Budget: Chancellor Announces New Tax For Tech Giants

The new two per cent UK tax on the tech giants must be followed by robust action to address the unfair exploitation of third party content by Google and Facebook, the News Media Association has said.

The NMA welcomed the announcement of the new digital services tax, which will be introduced in April 2020, and said that the next step must be to understand how the platforms are exploiting content created by third parties.

The NMA said: “This new tax is welcome recognition of the fact that the tech giants are extracting enormous value from the digital ecosystem, both globally and here in the UK, but contributing very little in return.

“The next step must be to gain a full understanding of the extent to which Google and Facebook are monetising content created by other parties, such as news media publishers, and to put in place effective and robust remedies to address this imbalance.”   

In its submission to the Cairncross review, the NMA has called for a “fair and equitable” content licence fee agreement would ensure that news media publishers are appropriately rewarded for the use of their content by the tech giants.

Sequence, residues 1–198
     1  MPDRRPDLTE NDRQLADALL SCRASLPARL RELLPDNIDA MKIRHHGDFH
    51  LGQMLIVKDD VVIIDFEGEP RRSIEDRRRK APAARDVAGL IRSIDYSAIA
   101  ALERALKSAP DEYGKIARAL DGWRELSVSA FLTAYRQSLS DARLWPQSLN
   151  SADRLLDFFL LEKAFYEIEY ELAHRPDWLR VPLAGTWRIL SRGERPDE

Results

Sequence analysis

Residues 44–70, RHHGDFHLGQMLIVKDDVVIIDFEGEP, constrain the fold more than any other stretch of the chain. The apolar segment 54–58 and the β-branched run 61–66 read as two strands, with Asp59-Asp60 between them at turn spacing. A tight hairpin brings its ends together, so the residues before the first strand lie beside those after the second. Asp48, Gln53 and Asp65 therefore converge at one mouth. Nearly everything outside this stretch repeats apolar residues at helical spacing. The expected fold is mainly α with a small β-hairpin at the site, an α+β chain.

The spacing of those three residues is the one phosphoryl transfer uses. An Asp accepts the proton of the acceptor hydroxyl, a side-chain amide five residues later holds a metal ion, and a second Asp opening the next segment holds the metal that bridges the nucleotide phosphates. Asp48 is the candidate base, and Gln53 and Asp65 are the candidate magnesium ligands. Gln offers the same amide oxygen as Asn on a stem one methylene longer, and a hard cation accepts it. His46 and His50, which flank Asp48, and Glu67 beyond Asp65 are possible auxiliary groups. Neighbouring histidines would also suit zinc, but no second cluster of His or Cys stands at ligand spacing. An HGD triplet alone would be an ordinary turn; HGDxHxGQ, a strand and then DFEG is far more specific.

It is one of 42 measures and initiatives proposed by the news media industry to protect independent journalism. The NMA also joined Ofcom and UK broadcasters in calling for independent regulatory oversight of the tech platforms, and for the launch of a competition inquiry into the dominance of the tech giants.

The chief executive of the Competition and Markets Authority said last month that the body was “actively considering” looking into the digital advertising market.

In his budget this week, the Chancellor also announced that the scheme for local newspapers to claim £1,500 relief on business rates for office space occupied by local newspapers has been extended for another year.

The scheme was originally planned for two years, ending in April 2019, but will now continue for a further year following the announcement.

Reacting to the budget, the Professional Publishers Association said it was disappointed that the opportunity had not been taken to extend the VAT exemption to digital publications, as called for by bodies including the NMA and the PPA.